Program Schedule

Can Human Bocavirus mRNA Detection Differentiate Acute Infection from Viral Shedding?

Session: Poster Abstract Session: Clinical Respiratory Infections
Friday, October 10, 2014
Room: The Pennsylvania Convention Center: IDExpo Hall BC
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  • Background: Human Bocavirus (HBoV), a DNA virus in the family Parvoviridae, is frequently detected in patients with acute respiratory disease. However, it is also prevalent in asymptomatic children, thus its pathogenicity is unclear. We hypothesized that spliced viral capsid mRNA produced during active replication (i.e. pathogenic period) may be a better marker for acute infection than HBoV genomic DNA, which can be shed for weeks to months (i.e. non-pathogenic period) and may thus be less specific for acute disease. We compared prevalence of capsid mRNA and DNA in children with community-acquired pneumonia (CAP) and controls as part of the CDC Etiology of Pneumonia in the Community (EPIC) study.

    Methods: We enrolled hospitalized children <18 years with CAP (Jan 2010-June 2012) and controls (Feb 2011-June 2012) at the Utah site of the EPIC study; nasopharyngeal/oropharyngeal (NP/OP) specimens were obtained. HBoV mRNA and genomic DNA were quantified from NP/OP specimens. A spliced transcript for HBoV1-4 VP1/VP2 was targeted for mRNA detection.

    Results: We obtained NP/OP samples from 812 children with CAP (median age 2.2 years; interquartile age [IQR] 1.0-6.2) and 337 controls (median age 5.8 years; IQR 2.8-11).  HBoV DNA was detected in 114/812 (14.0%) cases and 30/337 (8.9%) controls (odds ratio [OR] 1.7; 95% CI 1.1-2.5); HBoV mRNA was detected in 21/812 (2.6%) cases and 2/337 (0.6%) controls (OR 4.4; 1.1-19). Following adjustment for age, enrollment month, and detection of other respiratory viruses, HBoV DNA was associated with CAP (adjusted OR [aOR] 2.0; 1.2-3.2) but mRNA had a stronger association (aOR 7.9; 1.7-36). When the analysis was restricted to children in whom no other viral or bacterial pathogens were detected, the association with DNA detection was similar (OR 2.2; 1.2-4.0; 25/140 cases, 22/240 controls), while the association of HBoV mRNA detection with CAP increased  (OR 14.5; 1.8-117; 8/140 cases, 1/240 controls).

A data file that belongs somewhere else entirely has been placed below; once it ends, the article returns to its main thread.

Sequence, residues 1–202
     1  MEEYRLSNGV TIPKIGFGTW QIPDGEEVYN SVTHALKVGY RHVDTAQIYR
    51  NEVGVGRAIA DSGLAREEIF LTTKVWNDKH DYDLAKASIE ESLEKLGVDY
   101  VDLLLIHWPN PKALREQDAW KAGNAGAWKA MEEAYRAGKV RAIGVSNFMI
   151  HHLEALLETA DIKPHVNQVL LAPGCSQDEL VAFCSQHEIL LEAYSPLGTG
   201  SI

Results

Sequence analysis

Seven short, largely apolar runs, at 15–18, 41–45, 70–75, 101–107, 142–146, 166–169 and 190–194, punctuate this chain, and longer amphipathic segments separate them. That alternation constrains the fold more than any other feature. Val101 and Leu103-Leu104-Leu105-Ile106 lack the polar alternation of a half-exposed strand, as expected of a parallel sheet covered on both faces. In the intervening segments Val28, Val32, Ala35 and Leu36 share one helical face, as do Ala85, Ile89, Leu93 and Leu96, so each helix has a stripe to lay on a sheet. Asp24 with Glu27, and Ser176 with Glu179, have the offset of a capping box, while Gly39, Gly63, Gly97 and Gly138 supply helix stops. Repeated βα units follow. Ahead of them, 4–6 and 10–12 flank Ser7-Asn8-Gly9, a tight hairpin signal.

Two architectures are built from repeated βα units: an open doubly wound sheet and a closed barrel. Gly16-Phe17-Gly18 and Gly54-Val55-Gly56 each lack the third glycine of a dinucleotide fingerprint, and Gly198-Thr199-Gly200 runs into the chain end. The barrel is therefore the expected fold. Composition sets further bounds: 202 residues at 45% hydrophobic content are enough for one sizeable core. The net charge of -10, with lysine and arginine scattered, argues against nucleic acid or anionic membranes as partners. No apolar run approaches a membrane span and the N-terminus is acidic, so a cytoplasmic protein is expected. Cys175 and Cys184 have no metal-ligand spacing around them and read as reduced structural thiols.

Conclusion: Detection of HBoV by spliced capsid mRNA was strongly associated with CAP in children while genomic DNA was associated, even after adjusting for age, season, and respiratory pathogen co-detection. HBoV mRNA detection may be a marker of acute,  infection and could be a useful diagnostic test.

    Robert Schlaberg, MD, MPH1,2, Krow Ampofo, MD3, Keith Tardif, PhD2, Chris Stockmann, MSc3, Keith Simmon, MS4, Weston Hymas, MS, MB(ASCP)2, Steven Flygare, MS5, Brett Kennedy, PhD5, Anne J. Blaschke, MD, PhD3, Karen Eilbeck, PhD4, Mark Yandell, PhD5, Anna M. Bramley, MPH6, Seema Jain, MD, MPH7 and Andrew Pavia, MD, FIDSA, FSHEA3, (1)Department of Pathology, University of Utah, Salt Lake City, UT, (2)ARUP Institute for Clinical and Experimental Pathology, Salt Lake City, UT, (3)Department of Pediatrics, Division of Pediatric Infectious Diseases, University of Utah School of Medicine, Salt Lake City, UT, (4)Department of Biomedical Informatics, University of Utah, Salt Lake City, UT, (5)Department of Human Genetics, University of Utah, Salt Lake City, UT, (6)Centers for Disease Control and Prevention (CDC), Atlanta, GA, (7)Centers for Disease Control and Prevention, Atlanta, GA


    R. Schlaberg, Epoch Biosciences: Collaborator, Research reagents

    K. Ampofo, None

    K. Tardif, None

    C. Stockmann, None

    K. Simmon, None

    W. Hymas, None

    S. Flygare, None

    B. Kennedy, None

    A. J. Blaschke, None

    K. Eilbeck, None

    M. Yandell, None

    A. M. Bramley, None

    S. Jain, None

    A. Pavia, None

    Findings in the abstracts are embargoed until 12:01 a.m. EDT, Oct. 8th with the exception of research findings presented at the IDWeek press conferences.

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